Nebraska-Oklahoma Ponca Trail
The legacy of Standing Bear stands tall across the Great Plains.

“My hand is not the same color as yours. But if I prick it, I shall feel pain. If you pierce your hand, you too will feel pain. The blood that flows will be the same color.

I am a man.”

These words, spoken in an Omaha, Nebraska, courtroom by Ponca Chief Standing Bear, resulted in a May 12, 1879, landmark decision to free this man and his followers from arrest for leaving a reservation in Oklahoma.

In May of 1877, the Poncas had been forced from their northern Nebraska homeland on the Niobrara River, walking 600 miles in 55 days to Oklahoma Indian Territory. Eventually they were placed near today’s Ponca City, Oklahoma.

When Standing Bear’s son died in l879, his father fulfilled a promise to bury him in the Nebraska homeland. He and some 20 of his followers began the long trek back. They were arrested as they neared their homeland.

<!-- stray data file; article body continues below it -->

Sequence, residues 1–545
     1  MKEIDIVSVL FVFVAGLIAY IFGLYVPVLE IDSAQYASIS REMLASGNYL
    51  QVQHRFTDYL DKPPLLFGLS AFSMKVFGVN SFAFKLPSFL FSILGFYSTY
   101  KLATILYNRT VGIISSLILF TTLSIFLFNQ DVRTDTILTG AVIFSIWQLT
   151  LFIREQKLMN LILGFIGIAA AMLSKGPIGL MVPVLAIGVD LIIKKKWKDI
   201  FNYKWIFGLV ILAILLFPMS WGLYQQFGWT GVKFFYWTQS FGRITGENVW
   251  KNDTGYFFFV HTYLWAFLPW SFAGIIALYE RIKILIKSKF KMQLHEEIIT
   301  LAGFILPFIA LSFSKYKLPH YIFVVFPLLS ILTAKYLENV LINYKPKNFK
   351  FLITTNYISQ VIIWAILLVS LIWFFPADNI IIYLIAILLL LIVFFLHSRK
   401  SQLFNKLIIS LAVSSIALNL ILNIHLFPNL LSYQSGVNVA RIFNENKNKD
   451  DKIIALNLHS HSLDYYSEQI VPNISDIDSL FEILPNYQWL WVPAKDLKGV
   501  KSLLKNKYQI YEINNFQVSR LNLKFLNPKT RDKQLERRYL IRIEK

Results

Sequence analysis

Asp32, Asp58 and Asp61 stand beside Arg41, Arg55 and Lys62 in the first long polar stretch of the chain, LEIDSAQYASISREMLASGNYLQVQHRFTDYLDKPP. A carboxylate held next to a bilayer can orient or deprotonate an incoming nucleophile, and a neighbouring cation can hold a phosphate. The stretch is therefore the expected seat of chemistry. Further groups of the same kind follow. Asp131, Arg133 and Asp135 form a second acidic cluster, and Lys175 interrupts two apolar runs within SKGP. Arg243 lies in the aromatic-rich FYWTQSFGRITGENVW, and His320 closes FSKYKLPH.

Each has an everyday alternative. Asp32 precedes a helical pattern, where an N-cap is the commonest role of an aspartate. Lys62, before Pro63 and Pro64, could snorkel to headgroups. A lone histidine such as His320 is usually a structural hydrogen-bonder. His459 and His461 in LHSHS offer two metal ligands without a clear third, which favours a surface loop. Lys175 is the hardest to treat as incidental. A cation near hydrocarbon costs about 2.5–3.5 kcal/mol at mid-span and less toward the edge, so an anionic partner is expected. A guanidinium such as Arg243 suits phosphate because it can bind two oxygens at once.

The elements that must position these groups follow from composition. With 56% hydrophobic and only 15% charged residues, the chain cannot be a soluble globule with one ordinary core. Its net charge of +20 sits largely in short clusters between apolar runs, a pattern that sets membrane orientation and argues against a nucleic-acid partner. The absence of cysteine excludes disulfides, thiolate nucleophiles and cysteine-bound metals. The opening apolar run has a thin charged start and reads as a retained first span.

Today, a magnificent 22-foot bronze stature of Standing Bear, hand extended toward the Nebraska homeland, stands in Ponca City, part of a 63-acre park featuring a museum and education center dedicated to six area tribes. In the Ponca homeland near Niobrara, Nebraska, is the Ponca Museum and Library commemorating the remarkable Standing Bear.

Related Articles

  • seventrailswest

    If a student of the exploration and expansion of the American West were to have…

  • Owen-Wister-and-the-West_by-Gary-Scharnhorst-cover

    Gary Scharnhorst’s Owen Wister and the West is the most in-depth biography of this Eastern-bred…

  • afro-amer-west

    Fewer Blacks settled in the West than other groups, but they had a distinct and…